morgan stanley

Moody’s has been threatening for some time now to downgrade banks in the US on their credit ratings. Today Morgan Stanley (NYSE:MS) revealed that if its credit rating was downgraded it would face huge costs. The company stated that a decisive move by the ratings agency would obligate the financial institution to $7.2 billion i collateral to counterparties. That figure is based on a downgrade of 3 places on the company’s credit.

Other banks that have been threatened by the ratings agency include Bank of America Corp (NYSE:BAC) and Citigroup Inc. (NYSE:C). Bank of America has estimated that a one notch cut would force them to put up $2.7 billion in collateral while Citigroup’s estimate for a fall of two place is put at an extra $4.7 billion in collateral. The release of figures such as these may seem terrifying to shareholders but doesn’t seem likely to sway Moody’s position.

The agency, speaking on Morgan Stanley, pointed to the firm’s cash reserves as evidence that a downgrade would not put it in an essential or instantaneous danger. The real danger evidenced by the downgrade would be a change in the attitudes of customers toward the investment banks on seeing their downgrades.

Late last month Moody’s warned Wells Fargo Company (NYSE:WFC) that it’s moves into the prime brokerage business could initiate a downgrade of its rating. Their acquisition of the prime brokerage business Merlin was ominously called “credit negative” by the ratings agency.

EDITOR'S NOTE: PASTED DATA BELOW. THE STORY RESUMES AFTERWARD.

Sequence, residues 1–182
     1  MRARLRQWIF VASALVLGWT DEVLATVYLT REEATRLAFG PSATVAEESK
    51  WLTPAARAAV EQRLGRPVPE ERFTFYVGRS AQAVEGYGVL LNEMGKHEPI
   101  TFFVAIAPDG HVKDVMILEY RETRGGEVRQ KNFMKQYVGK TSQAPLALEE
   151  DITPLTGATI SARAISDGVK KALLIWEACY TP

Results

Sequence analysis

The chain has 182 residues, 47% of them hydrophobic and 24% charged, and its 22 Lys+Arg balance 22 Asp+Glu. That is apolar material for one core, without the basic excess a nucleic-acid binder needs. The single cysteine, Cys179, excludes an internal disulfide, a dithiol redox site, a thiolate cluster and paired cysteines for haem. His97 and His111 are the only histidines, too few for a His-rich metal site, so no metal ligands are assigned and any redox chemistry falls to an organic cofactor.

Moody’s has a massive amount of sway on Wall Street and since the early spring it has been using it to battle with the major investment banks. In February the company released a report that warned of a review of all of the major players in investment banking. The report cited problems in just about every aspect of the investment banking sphere as risky.

This quarter’s earnings have not been kind to investment banks and the results will only fuel Moody’s speculation of their risks. The firm has pointed to fee structures, advice on mergers and compensation packages among countless other factors as reasons the sector is riskier now than it had been before.

Investment banking seems to be undergoing a change. Many of the firms are restructuring their businesses and reducing their work forces in order to restore balance. Moody’s does not seem appreciative of the efforts and their current recalculation of the risks involved in the industry could have severely negative effects going forward.